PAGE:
Will car insurance cover a cracked windshield?

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Here's what you need to know...

  • A basic auto insurance policy doesn’t provide coverage for any physical damage to your vehicle
  • While third-party coverage is required by law, you have the option to add first-party coverage that will pay for various types of damage to your vehicle. This coverage is referred to as comprehensive and collision coverage
  • Comprehensive coverage pays for damage caused by incidents like fire, theft, vandalism, explosion, flood, and collision with a live animal
  • Comprehensive also provides coverage for broken windshields and auto glass unless the broken glass is the result of an accident
  • If you need to file a glass claim, some companies will waive your deductible if the windshield can be repaired instead of replaced

The first thing that comes to mind when you think about filing an insurance claim is having an accident. While many people use their insurance to help pay for damages sustained in an accident, there are other scenarios where your auto insurance can help you protect your finances.

If you have a broken windshield, your insurance may cover it.

Cracked and broken windshields are only covered when you carry physical damage coverage on your policy.

Since physical damage coverage is optional, not all policies provide coverage for cracked auto glass claims. If you want to build a policy that provides you with glass coverage, here’s what you need to know.

Start exploring different insurance companies by entering your zip code in our FREE comparison tool. It’s never too late to go comparison shopping.

What does a basic auto insurance policy cover?

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Buying a basic auto insurance policy may save you money when you don’t file a claim.

However, selecting minimum coverage requirements puts you at risk of having to pay for your own repair bills.

Under state law, you’re only required to buy third-party coverage that pays for damages that you cause when you’re in an accident. Common state requirements include:

  • Bodily Injury Liability – pays for third-party medical bills and funeral expenses
  • Property Damage Liability – pays to repair property that you don’t own in an at-fault accident

What is physical damage coverage?

Physical damage coverage is an optional form of coverage that you can add to your insurance policy for an added premium.

The coverage will pay to either repair or replace your covered auto if you have a covered loss. Physical damage coverage consists of the following:

  • Comprehensive – pays for damage caused by fire, theft, vandalism, explosion, flood and other non-collision perils
  • Collision – pays to repair damages sustained in a collision with one or more objects

How much does full coverage cost?

The average premium for a full coverage policy in the United States is around $841.00 per year. It costs around $297 per year for collision coverage and $138 per year for comprehensive coverage.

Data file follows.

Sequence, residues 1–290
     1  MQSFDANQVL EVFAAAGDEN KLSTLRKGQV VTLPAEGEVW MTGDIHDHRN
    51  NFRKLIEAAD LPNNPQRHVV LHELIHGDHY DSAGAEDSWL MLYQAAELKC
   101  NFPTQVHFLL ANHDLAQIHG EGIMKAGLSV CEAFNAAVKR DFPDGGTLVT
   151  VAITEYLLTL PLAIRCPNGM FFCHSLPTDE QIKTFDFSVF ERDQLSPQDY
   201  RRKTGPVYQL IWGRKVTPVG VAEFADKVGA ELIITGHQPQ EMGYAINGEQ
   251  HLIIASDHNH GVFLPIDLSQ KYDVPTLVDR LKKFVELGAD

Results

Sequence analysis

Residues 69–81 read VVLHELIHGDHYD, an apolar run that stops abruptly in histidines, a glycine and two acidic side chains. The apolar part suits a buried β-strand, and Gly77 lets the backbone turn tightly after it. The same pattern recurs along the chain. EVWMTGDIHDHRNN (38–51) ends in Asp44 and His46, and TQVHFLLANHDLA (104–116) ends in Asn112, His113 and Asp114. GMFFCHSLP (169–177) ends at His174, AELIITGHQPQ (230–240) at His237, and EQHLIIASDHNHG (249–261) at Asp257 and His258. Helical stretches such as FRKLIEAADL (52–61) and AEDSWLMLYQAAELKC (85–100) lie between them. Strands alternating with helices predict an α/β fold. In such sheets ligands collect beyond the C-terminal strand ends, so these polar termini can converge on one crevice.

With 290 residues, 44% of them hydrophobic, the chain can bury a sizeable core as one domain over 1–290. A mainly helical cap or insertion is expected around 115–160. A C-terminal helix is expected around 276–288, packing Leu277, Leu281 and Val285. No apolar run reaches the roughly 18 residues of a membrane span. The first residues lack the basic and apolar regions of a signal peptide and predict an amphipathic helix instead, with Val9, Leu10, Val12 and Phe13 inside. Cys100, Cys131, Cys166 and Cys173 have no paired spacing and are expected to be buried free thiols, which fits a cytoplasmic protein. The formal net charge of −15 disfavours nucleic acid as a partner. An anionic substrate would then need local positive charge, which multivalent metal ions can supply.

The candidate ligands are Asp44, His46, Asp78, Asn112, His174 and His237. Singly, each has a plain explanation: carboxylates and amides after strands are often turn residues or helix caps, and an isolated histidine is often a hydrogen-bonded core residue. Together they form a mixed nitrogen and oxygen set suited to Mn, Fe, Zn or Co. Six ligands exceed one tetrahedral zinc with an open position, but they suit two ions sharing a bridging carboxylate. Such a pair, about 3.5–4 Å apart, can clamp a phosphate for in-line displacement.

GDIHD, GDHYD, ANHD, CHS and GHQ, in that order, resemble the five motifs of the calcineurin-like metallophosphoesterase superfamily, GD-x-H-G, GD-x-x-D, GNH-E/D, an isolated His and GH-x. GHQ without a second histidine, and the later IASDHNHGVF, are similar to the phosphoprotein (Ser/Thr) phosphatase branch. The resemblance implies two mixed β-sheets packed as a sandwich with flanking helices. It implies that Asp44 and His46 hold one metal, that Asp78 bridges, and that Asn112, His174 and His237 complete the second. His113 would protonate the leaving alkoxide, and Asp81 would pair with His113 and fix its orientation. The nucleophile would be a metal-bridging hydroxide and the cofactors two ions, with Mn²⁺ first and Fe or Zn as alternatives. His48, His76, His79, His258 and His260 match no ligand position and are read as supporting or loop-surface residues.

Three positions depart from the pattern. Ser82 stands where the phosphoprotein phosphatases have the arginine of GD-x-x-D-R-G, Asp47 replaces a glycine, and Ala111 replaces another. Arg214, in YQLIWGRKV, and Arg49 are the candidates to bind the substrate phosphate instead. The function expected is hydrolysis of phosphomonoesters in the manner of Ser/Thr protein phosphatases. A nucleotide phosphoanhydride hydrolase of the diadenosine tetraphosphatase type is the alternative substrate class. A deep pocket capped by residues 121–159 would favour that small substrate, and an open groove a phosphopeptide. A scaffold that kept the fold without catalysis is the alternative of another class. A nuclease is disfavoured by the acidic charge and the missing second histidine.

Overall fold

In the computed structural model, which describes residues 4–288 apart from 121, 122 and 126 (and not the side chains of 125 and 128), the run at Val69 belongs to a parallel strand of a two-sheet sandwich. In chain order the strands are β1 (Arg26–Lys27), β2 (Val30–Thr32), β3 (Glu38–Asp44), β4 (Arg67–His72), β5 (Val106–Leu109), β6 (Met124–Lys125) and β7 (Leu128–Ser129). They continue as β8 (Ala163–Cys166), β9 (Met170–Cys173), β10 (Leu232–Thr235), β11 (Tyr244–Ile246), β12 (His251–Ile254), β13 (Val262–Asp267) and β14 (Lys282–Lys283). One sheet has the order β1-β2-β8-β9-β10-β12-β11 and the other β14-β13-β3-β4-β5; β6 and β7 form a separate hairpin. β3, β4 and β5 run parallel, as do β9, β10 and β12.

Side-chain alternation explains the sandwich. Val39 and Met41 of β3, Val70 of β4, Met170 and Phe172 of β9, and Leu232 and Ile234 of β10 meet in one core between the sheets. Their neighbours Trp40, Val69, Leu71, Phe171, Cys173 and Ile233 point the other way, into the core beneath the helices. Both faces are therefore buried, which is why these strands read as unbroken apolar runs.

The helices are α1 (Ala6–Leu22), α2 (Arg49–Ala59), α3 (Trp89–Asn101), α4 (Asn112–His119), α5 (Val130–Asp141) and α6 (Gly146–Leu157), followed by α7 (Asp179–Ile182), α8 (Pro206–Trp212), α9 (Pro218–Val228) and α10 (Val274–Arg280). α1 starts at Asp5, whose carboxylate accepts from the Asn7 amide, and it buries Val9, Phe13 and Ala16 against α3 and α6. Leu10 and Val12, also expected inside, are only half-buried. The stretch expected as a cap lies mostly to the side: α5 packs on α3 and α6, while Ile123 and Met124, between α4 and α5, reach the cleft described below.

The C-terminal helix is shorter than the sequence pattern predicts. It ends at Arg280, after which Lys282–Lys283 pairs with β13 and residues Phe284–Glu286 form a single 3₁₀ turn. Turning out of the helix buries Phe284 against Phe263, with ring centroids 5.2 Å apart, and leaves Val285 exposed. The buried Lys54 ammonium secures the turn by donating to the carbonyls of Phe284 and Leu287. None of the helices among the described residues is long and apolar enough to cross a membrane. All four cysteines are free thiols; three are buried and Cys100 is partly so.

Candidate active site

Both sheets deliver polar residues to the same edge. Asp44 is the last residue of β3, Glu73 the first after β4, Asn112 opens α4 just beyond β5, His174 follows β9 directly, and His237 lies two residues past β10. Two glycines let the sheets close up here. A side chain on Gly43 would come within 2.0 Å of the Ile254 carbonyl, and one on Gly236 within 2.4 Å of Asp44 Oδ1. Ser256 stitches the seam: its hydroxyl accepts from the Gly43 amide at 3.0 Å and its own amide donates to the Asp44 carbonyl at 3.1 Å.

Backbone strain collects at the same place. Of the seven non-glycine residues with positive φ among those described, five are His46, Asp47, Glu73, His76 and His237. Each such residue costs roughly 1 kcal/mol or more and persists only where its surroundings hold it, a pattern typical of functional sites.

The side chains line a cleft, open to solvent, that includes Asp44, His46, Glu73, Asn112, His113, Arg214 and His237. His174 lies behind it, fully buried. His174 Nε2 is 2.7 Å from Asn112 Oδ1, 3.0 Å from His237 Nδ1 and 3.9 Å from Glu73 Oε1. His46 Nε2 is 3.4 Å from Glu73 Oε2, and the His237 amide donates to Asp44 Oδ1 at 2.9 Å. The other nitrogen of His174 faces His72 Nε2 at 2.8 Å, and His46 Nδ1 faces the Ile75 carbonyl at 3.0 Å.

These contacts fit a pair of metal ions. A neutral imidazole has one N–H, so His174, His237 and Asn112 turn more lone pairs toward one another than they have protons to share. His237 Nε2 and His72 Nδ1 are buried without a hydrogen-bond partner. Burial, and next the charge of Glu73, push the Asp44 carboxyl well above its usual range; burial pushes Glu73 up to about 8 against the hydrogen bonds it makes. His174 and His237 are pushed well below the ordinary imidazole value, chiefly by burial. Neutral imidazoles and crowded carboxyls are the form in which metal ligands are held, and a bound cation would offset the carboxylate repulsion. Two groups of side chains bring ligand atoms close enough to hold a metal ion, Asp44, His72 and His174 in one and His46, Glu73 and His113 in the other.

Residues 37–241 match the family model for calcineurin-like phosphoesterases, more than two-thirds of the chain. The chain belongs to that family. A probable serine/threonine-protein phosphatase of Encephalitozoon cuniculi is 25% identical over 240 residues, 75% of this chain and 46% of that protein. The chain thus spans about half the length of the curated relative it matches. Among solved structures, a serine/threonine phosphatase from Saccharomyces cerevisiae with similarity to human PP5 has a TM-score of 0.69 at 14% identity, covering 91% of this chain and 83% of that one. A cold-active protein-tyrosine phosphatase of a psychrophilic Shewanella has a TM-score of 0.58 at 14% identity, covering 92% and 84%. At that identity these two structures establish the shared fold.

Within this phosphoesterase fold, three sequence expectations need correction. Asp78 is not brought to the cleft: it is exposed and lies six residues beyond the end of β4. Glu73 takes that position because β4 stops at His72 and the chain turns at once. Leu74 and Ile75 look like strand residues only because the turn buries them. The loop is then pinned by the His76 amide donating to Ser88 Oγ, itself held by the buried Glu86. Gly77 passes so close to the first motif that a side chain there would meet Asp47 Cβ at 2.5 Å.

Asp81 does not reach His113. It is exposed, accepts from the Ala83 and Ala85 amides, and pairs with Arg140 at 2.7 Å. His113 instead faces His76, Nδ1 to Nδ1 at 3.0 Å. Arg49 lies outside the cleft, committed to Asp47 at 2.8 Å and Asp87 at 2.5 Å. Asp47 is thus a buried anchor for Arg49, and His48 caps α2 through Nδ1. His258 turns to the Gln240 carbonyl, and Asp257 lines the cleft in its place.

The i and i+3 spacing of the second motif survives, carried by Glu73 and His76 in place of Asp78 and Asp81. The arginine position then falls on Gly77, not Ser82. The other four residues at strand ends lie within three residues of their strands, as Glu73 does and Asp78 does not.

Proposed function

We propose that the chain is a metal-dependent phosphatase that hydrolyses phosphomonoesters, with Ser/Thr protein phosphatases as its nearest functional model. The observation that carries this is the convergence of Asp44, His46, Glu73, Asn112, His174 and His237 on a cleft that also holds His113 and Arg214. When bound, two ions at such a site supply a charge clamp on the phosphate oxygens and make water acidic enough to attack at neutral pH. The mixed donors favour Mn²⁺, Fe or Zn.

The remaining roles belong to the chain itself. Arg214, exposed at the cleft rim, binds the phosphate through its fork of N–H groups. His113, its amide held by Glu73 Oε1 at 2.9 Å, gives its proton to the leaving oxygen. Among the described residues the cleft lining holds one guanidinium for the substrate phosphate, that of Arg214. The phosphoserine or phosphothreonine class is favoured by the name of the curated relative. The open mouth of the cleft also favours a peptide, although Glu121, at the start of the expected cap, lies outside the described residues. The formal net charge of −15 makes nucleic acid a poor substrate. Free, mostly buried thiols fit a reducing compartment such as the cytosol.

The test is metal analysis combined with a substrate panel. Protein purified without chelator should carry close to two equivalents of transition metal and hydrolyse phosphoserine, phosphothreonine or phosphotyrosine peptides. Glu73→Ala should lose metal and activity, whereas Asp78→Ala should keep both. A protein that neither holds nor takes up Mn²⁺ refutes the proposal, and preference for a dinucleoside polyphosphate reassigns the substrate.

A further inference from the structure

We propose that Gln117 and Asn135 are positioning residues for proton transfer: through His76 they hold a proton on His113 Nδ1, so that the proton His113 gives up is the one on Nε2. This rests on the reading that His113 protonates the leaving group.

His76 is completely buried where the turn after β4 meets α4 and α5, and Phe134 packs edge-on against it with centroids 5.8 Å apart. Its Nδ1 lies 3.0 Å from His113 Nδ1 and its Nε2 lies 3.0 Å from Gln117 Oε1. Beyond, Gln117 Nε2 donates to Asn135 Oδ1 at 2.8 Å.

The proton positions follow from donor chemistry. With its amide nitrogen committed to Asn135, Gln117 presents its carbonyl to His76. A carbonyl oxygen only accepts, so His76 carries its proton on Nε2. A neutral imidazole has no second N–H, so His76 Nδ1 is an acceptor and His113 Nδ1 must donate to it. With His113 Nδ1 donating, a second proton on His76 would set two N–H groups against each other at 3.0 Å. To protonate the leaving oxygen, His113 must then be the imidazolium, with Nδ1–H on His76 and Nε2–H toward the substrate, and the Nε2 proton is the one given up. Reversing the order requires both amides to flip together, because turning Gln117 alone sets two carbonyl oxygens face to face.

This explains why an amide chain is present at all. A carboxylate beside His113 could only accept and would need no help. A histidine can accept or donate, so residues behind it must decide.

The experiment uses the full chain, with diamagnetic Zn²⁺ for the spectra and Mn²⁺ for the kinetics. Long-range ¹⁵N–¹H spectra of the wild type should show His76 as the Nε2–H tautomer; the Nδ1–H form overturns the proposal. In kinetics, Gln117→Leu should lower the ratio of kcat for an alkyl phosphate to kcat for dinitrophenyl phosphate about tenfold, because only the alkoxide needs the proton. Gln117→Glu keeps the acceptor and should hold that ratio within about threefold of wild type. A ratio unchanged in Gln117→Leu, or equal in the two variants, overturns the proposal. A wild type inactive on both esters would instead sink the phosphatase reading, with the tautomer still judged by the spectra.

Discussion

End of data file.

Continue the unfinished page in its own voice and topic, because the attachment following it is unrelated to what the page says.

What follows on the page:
The actual cost for full coverage is based on the vehicle type, your region, your driving record, and other rating factors.

Which coverage pays for windshield damage?

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If you’re specifically worried about buying coverage for your auto glass, you need to be sure to add comprehensive coverage to your policy.

Not only does comprehensive pay when your car is stolen or vandalized, but it also pays for glass breakage that’s sustained in different scenarios.

If a rock flies into your windshield while you’re driving or your car is parked or something falls from a tree, your comprehensive coverage will help cover the cost to get your windshield repaired.

It will even help cover the cost to repair other auto glass if it is damaged in a covered loss.

Is there a deductible to file a glass claim?

Glass claims are unique. Some companies will cover the entire cost to repair a windshield and others will charge you your comprehensive deductible before they will pay.

It is important to check with your insurer to see if your comprehensive deductible applies to glass claims before you select a high deductible.

Most companies do charge a deductible when you need a full windshield replacement. You may be able to get your deductible waived if you have a chip that can be repaired using resin. This kind of repair is an exception because it saves the company money in the end.

See if there is an endorsement that you can add to your policy to coverage glass claims in full.

If you’re not happy with your current insurer, you should shop for car insurance that will cover all of your needs.

You can easily compare the cost of insurance with different deductibles by using an auto insurance comparison tool. Enter your personal information, select your coverage, and compare quotes instantly.

Start comparing insurance quote today. Just enter your zip code into your free tool below.

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